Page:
Not in the clamor of the crowded street, not in the shouts and plaudits of the throng, but in ourselves, are triumph and defeat.--Henry Wadsworth Longfellow
REDIRECT ALERT!(Scroll down past this mess if you're trying to read an archived post. Thanks. No, really, thanks.)
Due to my inability to control my temper and complacently accept continued silliness with not-quite-as-reliable-as-it-ought-to-be Blogger/Blogspot, your beloved Possumblog will now waddle across the Information Dirt Road and park its prehensile tail at http://possumblog.mu.nu.
This site will remain in place as a backup in case Munuvia gets hit by a bus or something, but I don't think they have as much trouble with this as some places do. ::cough::blogspot::cough::
So click here and adjust your links. I apologize for the inconvenience, but it's one of those things.
BY KIMBERLEY A. STRASSEL
Friday, February 6, 2004 12:01 a.m. EST
History has its fair share of persecuted geniuses, men who were ahead of their time and made to pay for it. There's the hemlocked Socrates, the house-arrested Galileo, the exiled Rousseau. And to this list of giants it seems that we are now expected to add the name of Michael Bellesiles.
Mr. Bellesiles is the former Emory professor who shook the scholarly world in 2000 with his book "Arming America." An academic bombshell, the tome went against long-held beliefs by claiming that few colonial Americans actually owned guns. This set off a riotous public debate over whether the Second Amendment was designed to protect individual gun rights. Mr. Bellesiles was showered with prizes and media praise, becoming an instant academic star.
That is, until his peers started looking into that little thing called research. Reputable scholars in the ensuing months tore apart his work on probate and military records, travel narratives, and other documents. Mr. Bellesiles, when asked to explain, provided ever-more outlandish excuses: that his notes had been lost in a flood, that his Web site had been hacked, that he couldn't remember where he'd found certain documents. The officials of the prestigious Bancroft Prize stripped him of his award, he left Emory and Knopf chose to stop publishing his book. Most of us sighed happily and figured that was the end of that academic scandal.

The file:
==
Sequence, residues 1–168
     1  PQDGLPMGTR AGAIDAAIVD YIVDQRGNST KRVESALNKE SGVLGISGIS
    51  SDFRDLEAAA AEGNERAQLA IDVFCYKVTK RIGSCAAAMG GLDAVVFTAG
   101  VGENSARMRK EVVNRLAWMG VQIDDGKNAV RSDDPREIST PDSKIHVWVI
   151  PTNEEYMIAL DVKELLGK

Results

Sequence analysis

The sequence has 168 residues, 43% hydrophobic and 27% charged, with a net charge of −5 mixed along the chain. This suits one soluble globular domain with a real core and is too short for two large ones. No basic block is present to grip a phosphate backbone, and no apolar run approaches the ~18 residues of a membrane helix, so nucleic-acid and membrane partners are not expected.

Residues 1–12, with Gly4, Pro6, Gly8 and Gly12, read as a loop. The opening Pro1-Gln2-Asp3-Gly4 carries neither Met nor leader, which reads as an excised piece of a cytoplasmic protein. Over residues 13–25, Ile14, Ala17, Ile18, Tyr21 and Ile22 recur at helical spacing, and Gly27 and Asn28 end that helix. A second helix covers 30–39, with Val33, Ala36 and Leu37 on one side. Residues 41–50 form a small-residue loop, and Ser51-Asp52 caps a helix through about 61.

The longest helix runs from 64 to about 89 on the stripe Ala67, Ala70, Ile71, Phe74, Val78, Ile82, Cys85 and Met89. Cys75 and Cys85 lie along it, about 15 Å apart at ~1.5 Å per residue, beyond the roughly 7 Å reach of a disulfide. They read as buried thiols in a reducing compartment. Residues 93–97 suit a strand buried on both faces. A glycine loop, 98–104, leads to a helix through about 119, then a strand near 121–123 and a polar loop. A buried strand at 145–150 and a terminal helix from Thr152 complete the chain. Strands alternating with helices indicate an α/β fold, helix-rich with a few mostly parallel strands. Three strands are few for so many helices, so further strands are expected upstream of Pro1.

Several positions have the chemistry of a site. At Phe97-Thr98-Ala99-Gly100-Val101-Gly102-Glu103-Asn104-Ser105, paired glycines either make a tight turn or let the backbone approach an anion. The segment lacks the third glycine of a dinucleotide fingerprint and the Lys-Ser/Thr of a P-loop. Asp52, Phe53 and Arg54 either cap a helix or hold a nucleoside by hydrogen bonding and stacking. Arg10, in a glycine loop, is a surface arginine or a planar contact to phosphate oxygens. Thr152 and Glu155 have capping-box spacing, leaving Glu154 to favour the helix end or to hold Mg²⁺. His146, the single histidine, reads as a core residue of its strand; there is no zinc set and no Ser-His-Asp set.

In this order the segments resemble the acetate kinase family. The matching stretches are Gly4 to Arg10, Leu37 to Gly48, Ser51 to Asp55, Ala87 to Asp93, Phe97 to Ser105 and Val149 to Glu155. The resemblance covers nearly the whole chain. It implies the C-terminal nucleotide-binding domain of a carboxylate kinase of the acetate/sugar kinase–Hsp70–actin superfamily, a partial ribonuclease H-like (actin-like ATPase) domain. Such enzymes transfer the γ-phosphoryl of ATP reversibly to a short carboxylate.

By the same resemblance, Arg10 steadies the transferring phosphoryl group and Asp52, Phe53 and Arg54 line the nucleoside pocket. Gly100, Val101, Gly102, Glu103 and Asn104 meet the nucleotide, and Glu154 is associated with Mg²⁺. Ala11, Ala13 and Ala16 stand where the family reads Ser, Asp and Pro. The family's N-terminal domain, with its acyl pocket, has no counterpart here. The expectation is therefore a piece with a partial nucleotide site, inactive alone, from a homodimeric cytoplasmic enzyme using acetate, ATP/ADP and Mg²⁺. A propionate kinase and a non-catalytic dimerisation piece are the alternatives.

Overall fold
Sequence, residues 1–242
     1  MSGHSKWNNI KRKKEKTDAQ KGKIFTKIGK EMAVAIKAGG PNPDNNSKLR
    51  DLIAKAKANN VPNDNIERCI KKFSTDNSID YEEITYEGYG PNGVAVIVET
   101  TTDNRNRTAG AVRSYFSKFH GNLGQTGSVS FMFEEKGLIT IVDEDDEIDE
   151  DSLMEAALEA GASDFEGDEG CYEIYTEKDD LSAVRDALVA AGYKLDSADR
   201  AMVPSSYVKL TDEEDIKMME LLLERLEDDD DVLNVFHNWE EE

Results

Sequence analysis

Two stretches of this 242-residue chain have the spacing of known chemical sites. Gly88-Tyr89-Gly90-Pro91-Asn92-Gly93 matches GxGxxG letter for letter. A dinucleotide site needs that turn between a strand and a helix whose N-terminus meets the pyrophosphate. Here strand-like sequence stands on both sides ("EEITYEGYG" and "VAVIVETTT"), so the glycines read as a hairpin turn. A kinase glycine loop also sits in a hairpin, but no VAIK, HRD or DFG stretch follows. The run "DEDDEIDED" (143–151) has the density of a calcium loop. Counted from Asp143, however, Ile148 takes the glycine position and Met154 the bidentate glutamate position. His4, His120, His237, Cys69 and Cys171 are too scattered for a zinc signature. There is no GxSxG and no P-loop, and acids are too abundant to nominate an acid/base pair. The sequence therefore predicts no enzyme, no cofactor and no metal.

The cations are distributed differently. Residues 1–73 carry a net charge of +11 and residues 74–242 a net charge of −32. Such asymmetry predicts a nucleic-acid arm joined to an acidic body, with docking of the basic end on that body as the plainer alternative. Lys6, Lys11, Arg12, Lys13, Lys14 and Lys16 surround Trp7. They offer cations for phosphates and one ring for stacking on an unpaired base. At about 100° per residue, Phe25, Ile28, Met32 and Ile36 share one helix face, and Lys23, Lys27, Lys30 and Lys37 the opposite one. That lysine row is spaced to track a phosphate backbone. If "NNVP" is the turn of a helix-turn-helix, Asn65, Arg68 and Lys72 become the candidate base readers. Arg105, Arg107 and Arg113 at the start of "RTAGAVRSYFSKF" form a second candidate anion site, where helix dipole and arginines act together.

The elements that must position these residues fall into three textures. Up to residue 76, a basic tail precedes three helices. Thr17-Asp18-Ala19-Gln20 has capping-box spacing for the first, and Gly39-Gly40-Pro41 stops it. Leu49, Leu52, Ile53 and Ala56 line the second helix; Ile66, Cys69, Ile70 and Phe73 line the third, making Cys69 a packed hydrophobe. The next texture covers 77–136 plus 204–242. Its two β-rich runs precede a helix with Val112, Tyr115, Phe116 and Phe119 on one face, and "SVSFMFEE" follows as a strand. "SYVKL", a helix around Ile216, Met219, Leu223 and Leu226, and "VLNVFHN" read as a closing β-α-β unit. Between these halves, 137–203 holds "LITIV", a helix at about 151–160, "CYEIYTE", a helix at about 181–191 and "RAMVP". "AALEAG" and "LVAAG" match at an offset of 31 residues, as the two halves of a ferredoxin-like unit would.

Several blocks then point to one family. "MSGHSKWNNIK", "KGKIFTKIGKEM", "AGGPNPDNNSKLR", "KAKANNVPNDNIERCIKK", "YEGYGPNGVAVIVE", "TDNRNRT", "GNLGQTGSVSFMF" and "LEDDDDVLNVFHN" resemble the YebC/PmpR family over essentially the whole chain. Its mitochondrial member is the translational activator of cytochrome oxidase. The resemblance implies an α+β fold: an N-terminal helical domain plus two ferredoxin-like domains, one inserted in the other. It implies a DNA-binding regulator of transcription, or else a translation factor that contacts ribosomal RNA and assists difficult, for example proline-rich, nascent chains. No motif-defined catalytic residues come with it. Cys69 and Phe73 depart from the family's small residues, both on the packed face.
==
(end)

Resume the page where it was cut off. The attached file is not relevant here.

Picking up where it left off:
But oh, no. It turns out that Mr. Bellesiles is still riding his dead horse, his nonexistent guns still blazing. Soft Skull Press (which takes pride in putting out books that other publishers avoid like ricin) has not only agreed to reissue "Arming America" but has decided to release Mr. Bellesiles's latest response to his critics. This 59-page pamphlet, "Weighed in an Even Balance," is a spirited attempt by Mr. Bellesiles to turn himself into the world's latest misunderstood genius. As such, it's worth reading for pure entertainment value. [...]
We are treated to lecturing tracts about the benefits of scholarly disagreement, the complex nature of historical research and the need for academic exploration. And finally, in case readers still aren't getting his drift, Mr. Bellesiles sums it all up in his conclusion: "There are those who rest their very identity on the notion of a certain, unchanging past. The vision that society is unalterable is not just incorrect, it is dangerously undemocratic, and as such should be of concern to every modern historian." [...]
Most historians and scientists are wise enough to realize that new discoveries or interpretations hold out opportunity. But before they completely cast aside mountains of research, they usually demand some proof. Mr. Bellesiles's problem isn't that he's misunderstood; it's that he still hasn't given them any.
Or as the old saying goes: "To be a persecuted genius, you not only have to be persecuted; you also have to be right."
The victim card didn't work when his fraud was uncovered, and allowing the whine to age hasn't helped anything.